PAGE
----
THE FIRST UMAA CONVENTION
OF AMERICAN SHIAS
SHI'ITES ADDRESS NEGATIVE IMAGES
THE WASHINGTON TIMES
Several thousand Shi'ite Muslims are gathering in
downtown Washington this weekend to counteract what they perceive as
universally negative impressions of them portrayed by the world's media
and other Muslims.
"The misrepresentation of these images from
September 11 have to be corrected," said Nasir Shamsi, spokesman for
the Universal Muslim Association of America, which sponsored the
gathering. "The Shi'ites want to distance themselves from the
But the battle is uphill, said speakers at the
first convention of Shi'ite Muslims in North America. The convention was
held at the Grand Hyatt Hotel, where the 1,200 attending yesterday were
expected to increase to more than 2,000 today.
Not only have Iraqi Shi'ite Muslims opposed the
U.S. occupation in massive street demonstrations, but their compatriots in
Iran where Shi'ite Islam is dominant _ are still remembered for the
plundering of the U.S. Embassy there in 1979.
In the United States, Shi'ites see themselves as
a "minority within a minority," a vilified portion of the
country's 4 million to 5 million Islamic adherents, most of whom are Sunni
Muslims. American Shi'ites, who say they number at least 1.5 million,
complain that they are not represented on the boards of American Muslim
groups, such as the Council on American Islamic Relations and the Islamic
Society of North America.
"We sit here and ruminate and say we have
the true path, but what happened to us?" asked Hasnain Walji,
president of the World Khoja Shia Foundation in Dallas.
But there may yet be a place in the United
States' religious and political melting pot. Deputy Secretary of Defense
Paul Wolfowitz is scheduled to speak today at a closing banquet, along
with Abbas Mirakhor, executive director of the International Monetary
Several speakers said Shi'ite Muslims must become
more involved in American politics and culture.
The Shi'ites were demonstrating their strength at
the event, scheduling an interfaith dialogue Friday that was standing room
only. Yesterday's lectures sounded like primers in basic democracy.
Capitalism and voter registration were held up as means of empowerment.
One speaker called the U.S. Constitution a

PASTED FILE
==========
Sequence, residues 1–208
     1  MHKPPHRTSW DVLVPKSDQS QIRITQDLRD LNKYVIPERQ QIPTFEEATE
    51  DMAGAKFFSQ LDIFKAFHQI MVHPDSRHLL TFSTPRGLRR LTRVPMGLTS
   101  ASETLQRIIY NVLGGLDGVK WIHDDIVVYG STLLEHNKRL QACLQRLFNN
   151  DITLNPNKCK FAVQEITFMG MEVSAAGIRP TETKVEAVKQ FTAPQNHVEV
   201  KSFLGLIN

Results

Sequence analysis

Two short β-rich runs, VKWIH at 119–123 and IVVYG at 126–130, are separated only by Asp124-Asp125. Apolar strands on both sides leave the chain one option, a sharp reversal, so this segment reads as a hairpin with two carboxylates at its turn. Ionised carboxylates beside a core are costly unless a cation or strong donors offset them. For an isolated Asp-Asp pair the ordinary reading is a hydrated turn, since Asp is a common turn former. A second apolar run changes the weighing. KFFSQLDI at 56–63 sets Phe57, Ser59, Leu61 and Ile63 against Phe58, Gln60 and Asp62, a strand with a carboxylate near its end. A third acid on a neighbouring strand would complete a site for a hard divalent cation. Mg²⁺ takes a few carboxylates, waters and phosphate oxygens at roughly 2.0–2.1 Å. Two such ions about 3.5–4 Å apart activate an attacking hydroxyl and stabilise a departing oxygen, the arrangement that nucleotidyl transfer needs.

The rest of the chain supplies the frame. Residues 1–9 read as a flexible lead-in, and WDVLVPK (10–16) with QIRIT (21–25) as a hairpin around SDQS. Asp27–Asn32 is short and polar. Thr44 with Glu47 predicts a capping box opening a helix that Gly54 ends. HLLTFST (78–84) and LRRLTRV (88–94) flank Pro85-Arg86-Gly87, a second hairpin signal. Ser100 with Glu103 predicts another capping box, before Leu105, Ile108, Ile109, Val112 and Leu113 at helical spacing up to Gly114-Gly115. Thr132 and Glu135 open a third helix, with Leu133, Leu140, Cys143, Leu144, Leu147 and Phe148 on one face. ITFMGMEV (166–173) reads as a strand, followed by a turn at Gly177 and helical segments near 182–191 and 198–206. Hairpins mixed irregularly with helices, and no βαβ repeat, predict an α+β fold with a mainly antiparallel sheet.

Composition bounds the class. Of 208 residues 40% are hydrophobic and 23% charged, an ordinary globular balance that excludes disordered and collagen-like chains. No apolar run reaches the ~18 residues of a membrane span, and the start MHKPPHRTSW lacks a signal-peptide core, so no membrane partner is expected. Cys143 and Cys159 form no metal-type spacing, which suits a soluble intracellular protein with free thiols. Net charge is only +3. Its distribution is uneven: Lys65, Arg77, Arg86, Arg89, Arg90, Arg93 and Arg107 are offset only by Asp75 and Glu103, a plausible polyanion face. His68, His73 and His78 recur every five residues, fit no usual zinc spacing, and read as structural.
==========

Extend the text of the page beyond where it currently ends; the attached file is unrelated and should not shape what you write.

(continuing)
"great document" worthy of study, and he emphasized the benefits
of community organizing.
Another cited the Bahai faith, a Shi'ite sect
founded in Iran in the 19th century whose adherents have prospered in the
United States, as an example of what a small religion can do to gain
acceptance. Bahaists are still persecuted in Iran.
Robert Crane, a former U.S. ambassador to Bahrain
who converted to Shi'ite Islam and leads the Center for Understanding
Islam in Somerset, N.J., said Shi'ites should lobby in Congress, found a
top-notch Islamic university in North America and take part in Washington
think tanks that help draft legislation.
"Muslims used to think big," he said,
"but the problem is they don't anymore. We aren't going to lead in
America until we do those things."
Several groups in the United States are dogging
Muslims, he added. He included among those groups "radical
evangelical" Christian leaders who have spoken on the evils they see
"They pose a superficial threat," Mr.
Crane said. "This is fringe talk, and I think most people know that.
"Moderate evangelicals" are more
promising he said, referring to a May 9 meeting where 40 evangelical
leaders distanced themselves from Christians who criticize Islam.
Most dangerous, Mr. Crane said, are
"extremist neo conservatives" in think tanks such as the Ethics
and Public Policy Center. Michael Cromartie, the center's vice president,
and Michael Novak of the American Enterprise Institute question Islam's
right to exist because of a lack of human rights and direct relation with
"Muslims have a bad record," in human rights,
Mr. Crane said. But he added that Shariah, or Islamic law, should be
revived because the religion was more tolerant in earlier centuries and,
in theory, still is.
This article was mailed from The Washington Times
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